“We firmly believe that 3D construction printing will revolutionise the construction industry due to its ability to expedite the industrialisation of the construction process,” said PERI.

“The objective of constructing a greater number of buildings in a shorter time at a lower cost is what fuels our desire to make this technology a commercial success. By adding more intelligent designs and optimised use of materials to the mix, 3D construction printing can also pave the way for a built environment with greater sustainability.”

This 3D printed house technology is not new. It was there even in the early 80s, but it has gained traction in recent years due to increasing needs for housing solutions and also due to rapid technological advancement.

The advancement has been so great that in 2021, Malawi opened its first 3D printed school.

“Students in Malawi have begun classes in what is being billed as the world’s first 3D-printed school, constructed by joint venture group 14Trees,” Voice of America (VOA) reported.

“The Swiss-British group (14 Trees) says the quick construction of computer-built schools can help alleviate a shortfall in classrooms in countries like Malawi.”

VOA said the project aims to quickly construct affordable housing and schools in African countries such as Malawi, which has a shortfall of 36,000 classrooms according to the United Nations Children’s Fund (Unicef).

The school was built in Malawi’s Salima district and its walls were printed in just 18 hours, compared to several days with conventional building materials, said CDC Group, which invests flexible capital to support private sector growth and innovation.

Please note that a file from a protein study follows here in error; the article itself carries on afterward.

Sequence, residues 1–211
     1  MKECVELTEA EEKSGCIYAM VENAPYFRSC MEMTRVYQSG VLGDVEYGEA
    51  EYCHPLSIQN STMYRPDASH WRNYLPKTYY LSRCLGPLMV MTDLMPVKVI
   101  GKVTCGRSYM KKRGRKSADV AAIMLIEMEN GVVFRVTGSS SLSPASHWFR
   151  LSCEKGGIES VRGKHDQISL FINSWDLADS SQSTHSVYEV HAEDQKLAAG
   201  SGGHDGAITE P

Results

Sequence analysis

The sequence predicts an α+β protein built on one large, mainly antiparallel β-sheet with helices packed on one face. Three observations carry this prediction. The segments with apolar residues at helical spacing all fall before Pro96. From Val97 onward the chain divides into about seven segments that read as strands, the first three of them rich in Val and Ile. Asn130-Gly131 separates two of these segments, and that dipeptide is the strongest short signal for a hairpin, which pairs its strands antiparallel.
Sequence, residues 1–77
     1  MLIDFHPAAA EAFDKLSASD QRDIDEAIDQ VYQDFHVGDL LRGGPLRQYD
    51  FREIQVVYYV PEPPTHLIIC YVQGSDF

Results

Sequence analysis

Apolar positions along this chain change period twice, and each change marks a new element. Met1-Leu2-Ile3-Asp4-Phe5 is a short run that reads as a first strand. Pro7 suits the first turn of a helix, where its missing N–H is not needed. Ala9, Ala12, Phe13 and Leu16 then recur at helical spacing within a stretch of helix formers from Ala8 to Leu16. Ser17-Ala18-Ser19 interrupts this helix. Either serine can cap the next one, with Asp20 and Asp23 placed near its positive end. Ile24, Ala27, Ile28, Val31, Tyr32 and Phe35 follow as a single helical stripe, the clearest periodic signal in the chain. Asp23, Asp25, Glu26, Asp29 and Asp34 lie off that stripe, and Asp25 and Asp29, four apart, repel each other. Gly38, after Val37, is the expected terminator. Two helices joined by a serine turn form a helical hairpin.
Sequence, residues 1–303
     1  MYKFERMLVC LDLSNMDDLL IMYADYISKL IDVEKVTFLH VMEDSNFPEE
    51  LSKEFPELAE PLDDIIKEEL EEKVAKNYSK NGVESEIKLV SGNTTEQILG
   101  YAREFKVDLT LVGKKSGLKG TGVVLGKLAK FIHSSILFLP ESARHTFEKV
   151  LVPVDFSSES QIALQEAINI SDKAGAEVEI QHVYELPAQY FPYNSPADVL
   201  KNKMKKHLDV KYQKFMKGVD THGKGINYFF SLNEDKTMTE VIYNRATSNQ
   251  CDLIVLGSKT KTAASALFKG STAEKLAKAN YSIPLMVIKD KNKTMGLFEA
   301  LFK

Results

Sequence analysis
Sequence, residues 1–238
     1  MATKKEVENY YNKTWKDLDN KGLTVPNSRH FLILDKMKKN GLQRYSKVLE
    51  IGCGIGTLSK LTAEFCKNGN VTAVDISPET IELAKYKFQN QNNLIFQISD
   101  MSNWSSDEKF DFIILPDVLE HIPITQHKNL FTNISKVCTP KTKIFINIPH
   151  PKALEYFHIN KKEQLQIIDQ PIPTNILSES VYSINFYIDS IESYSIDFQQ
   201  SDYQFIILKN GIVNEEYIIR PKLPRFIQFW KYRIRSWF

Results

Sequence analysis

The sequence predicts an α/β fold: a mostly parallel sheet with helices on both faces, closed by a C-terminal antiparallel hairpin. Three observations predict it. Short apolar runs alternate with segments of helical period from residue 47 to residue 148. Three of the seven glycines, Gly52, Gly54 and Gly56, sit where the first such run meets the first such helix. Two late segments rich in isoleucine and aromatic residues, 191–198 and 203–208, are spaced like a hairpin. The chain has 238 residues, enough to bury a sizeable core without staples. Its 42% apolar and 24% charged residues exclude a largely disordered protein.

“Our estimate is that with conventional construction methods, it would take more than 70 years to build so many classrooms,” said 14Trees Managing Francois Perrot.

“And we think that 3D printing can bring a lot of speed to the construction process and reduce the time needed to build those schools to 10 years or even less.”

It is a global revolution, with The Economist in August 2021 reporting that a batch of new houses across California was selling unusually fast, but people needed not worry. The construction would match the demand.

“In the past two months, 82 houses have been snapped up, and the waiting list is 1,000 long. That demand should, though, soon be satisfied — for, while it can take weeks to put up a conventional bricks-and-mortar dwelling, Palari Homes and Mighty Buildings, the collaborators behind these houses, are able to erect one in less than 24 hours. They can do so rapidly because their products are assembled from components prefabricated in a factory.”

“This is not, in itself, a new idea. But the components involved are made in an unusual way: they are printed.”

The 3D printing of houses could be the panacea to the crisis in the construction industry, where many are still unable to afford a home. 

“What makes this 3D printing technology impressive and exciting is that 3D printed houses could be an environmentally-friendly solution to the housing shortage in the United States,” writes Rocky Mountain Real Estate Law.

“A few of the main reasons the US is experiencing a housing shortage is the high cost to build a new house due, in part, to supply chain clogs and material shortages, the lack of labour, and the time it takes to build a house. On-site 3D printed houses offer a potential solution to these issues.” 

Pretty much all around the globe, and especially in developing countries, 3D printing of houses is the future.